Among the things that can call into question whether a given criminal conviction was appropriate is the discovery of problems with the drug testing of evidence in the case. One of the things that could compromise the accuracy of the results of such testing is intentional misconduct by the lab workers performing such testing.
Recently, in another state, thousands of criminal convictions were dismissed in connection to a drug testing scandal.
The scandal involved a woman who worked in a state lab in Massachusetts. In 2013, the woman admitted to having faked test results in drug testing of evidence in criminal cases.
Last week, the Massachusetts Supreme Judicial Court did a mass dismissal of a collection of drug convictions that were tied to the work of this crime lab worker. Over 21,000 convictions were dismissed. The American Civil Liberties Union says this is the largest mass throwing-out of criminal convictions on record.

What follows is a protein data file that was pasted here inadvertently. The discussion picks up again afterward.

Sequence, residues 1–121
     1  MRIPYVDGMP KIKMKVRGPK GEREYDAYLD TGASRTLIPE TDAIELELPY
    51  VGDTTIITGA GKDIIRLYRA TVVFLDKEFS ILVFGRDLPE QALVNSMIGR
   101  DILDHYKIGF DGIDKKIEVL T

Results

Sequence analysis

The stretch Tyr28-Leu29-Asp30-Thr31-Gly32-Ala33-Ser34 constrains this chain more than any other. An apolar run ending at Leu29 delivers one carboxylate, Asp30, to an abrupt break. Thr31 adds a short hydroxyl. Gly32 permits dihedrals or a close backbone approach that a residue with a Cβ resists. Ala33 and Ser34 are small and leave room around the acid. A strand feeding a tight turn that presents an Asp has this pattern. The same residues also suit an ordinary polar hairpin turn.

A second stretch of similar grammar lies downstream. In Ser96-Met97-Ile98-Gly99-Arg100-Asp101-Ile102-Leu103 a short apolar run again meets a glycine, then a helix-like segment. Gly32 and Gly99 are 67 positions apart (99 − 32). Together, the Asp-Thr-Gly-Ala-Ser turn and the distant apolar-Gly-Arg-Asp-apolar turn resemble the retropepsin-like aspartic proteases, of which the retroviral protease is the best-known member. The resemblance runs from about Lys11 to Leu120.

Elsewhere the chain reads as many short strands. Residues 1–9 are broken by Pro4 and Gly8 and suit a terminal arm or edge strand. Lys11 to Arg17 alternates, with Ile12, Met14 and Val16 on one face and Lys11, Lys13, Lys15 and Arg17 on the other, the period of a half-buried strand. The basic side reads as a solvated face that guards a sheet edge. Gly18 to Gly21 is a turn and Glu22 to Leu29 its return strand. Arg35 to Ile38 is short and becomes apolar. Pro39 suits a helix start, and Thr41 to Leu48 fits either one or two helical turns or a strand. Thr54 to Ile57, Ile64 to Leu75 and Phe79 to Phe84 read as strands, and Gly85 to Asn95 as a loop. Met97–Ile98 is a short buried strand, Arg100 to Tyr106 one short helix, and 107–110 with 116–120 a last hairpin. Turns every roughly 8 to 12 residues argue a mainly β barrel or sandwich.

As this illustrates, the actions of the individuals who conduct drug-related testing for the police and the prosecution can have very big impacts in drug crime cases. This is true in drug cases throughout the country, including here in Wisconsin.
Now, crime lab test results in drug offense cases could not only be rendered inaccurate by intentional wrongful conduct like that discussed above. It could also come through mistakes by crime lab workers or malfunctions with testing equipment. So, a discovery of lab worker misconduct is not the only type of discovery related to crime lab testing that could raise the possibility of a person found guilty of a drug crime being able to challenge their conviction.
Skilled wrongful conviction lawyers can help individuals who were convicted in Wisconsin drug crime cases in which the accuracy of the evidence presented by the prosecution in their case, such as crime lab testing evidence, has since come under question understand what options they may have regarding challenging their conviction.
Source: WGCU, “Massachusetts Throws Out More Than 21,000 Convictions In Drug Testing Scandal,” April 21, 2017